Potatoes come in 3 basic textures. Those that are smooth when cooked (some people call them waxy), those that are dry and fluffy, and those that are between the two, often called dual-purpose. Examples would be most new potatoes are of the smooth varieties. They keep their shape when cooking so they're great for stews and are higher in moisture content and lower in starch which makes them very dense.  A russet potato would be a good example of a fluffy variety. Fluffy potatoes are your typical baked potato and are also used for fries, wedges,  and mashed potatoes. They break up easily when cooked and also hold more sauce. They're low in moisture and high in starch which also makes them generally better keepers. And there are the middle of the road multi-purpose potatoes which can be used for either purpose. Yukon Gold is a variety that falls into the dual-purpose category. They're waxy but still roast well. My point is that each variety has different flavours and textures and if you find one you really like, why not grow it in your garden? Gourmet varieties of potatoes can be very expensive so they are definitely worth growing yourself, plus the flavours when freshly dug are quite delicious. Even the old standby Russet is more flavourful right out of the garden. What better way to entertain your friends than a 'pick your own supper' party?

This year we're growing Green Mountain, Purple Chief, Russet Burbank, Eramosa and another variety I forget the name of. We've a mix of early and late season with some designed to be our main crop for selling and others for our personal storage. We have enough room in our garden to be able to grow several different types and they're planted in rows to make them easier to care for as far as weeding goes. If we should chance to get a late blight, and it's always a good possibility here in Nova Scotia, having the room between rows allows for better air circulation to dry off the leaves after it rains and also for us to walk up should it be necessary to spray them with a copper sulphate solution called a Bordeaux mix.  Yes, it's certified organic. It's the same type of spray traditionally used on grapes to prevent fungal diseases. Blight spores live in the soil and are also airborne so if there's an outbreak of blight, lots of people will get it. It's one of the reasons we rotate our crops each year, to help lessen and avoid diseases of our plants within our garden.

So, what's the best way to plant potatoes? Here's how we plant ours:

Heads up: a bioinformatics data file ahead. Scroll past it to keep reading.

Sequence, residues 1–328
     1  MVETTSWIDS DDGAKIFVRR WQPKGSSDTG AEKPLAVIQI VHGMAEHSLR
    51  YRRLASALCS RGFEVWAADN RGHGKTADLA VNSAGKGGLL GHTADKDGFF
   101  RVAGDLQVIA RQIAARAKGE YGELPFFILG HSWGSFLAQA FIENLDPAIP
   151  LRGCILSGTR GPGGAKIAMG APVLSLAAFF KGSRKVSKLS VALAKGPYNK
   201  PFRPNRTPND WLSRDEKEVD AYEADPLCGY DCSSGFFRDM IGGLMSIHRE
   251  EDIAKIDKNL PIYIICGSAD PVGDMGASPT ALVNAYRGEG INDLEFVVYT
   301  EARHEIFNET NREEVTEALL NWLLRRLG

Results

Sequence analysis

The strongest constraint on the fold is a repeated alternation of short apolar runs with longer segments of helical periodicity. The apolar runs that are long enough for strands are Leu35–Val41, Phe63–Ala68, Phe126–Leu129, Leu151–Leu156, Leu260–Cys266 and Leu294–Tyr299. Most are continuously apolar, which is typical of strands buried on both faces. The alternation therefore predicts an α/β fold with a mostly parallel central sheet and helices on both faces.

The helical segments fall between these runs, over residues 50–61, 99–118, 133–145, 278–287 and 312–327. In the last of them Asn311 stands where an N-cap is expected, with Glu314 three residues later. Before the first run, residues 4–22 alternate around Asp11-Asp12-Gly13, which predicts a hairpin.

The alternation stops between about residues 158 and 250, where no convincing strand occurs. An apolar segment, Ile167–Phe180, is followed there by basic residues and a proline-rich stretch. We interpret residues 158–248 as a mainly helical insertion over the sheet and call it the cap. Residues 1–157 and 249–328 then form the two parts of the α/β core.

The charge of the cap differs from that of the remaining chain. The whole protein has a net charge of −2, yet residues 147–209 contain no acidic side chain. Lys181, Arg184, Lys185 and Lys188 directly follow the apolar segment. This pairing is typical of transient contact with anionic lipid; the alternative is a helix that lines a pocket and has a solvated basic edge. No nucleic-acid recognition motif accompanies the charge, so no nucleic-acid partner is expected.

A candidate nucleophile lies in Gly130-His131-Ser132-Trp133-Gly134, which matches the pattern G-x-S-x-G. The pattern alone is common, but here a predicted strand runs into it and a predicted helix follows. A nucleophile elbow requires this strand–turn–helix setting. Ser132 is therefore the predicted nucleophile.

1. Dig a trench. The deeper the better in good soil but really any depth of trench will work.

2. Plant the seed potatoes 12 inches or 1 foot apart all along the row.

3. Cover the seed potatoes with soil that's at least 6 inches deep and water them deeply once a week if it doesn't rain. Potatoes require about 2 inches of rain a week in the main growing season in our slightly sandy soil. Your soil may be different.

4. As the plants grow, mound or hill more soil against their roots. Mulch and well rotted manure also make good materials to side dress your potatoes with and help to keep down the weeds. Potato plants produce their tubers (the potatoes you eat) along the stems of the plant. That's one of the reasons you continue to pile soil up along the plants when they're growing. It helps to keep the tubers from turning green and gives more stem area under ground to produce more potatoes for you to eat. It's called hilling when you rake soil up to partially cover the plants and leave their tops exposed.

Nothing much to show, just rows of turned earth.
5. Harvest. Potatoes are ready to harvest as early or new potatoes when the plants are flowering for one week and as main crop potatoes once the tops die down. When we're ready to harvest we use a fork to dig out the potatoes and then leave them on top of the soil for a day so that the skins set, or toughen up. It helps the potatoes last longer in storage. Before placing them in storage we carefully check them for bruises and holes where someone has accidentally skewered them the fork (it happens a lot). We eat the imperfect ones first, usually as a giant bowl of potato salad made according to Grandma Janet's special family recipe. Yum! When we're digging up early potatoes we just dig them out, wash them off and boil them until tender. There's something special about the first potatoes and peas out of the summer garden.I can't wait until they pop their heads up out of the ground in a few weeks. Until then there's not much to see.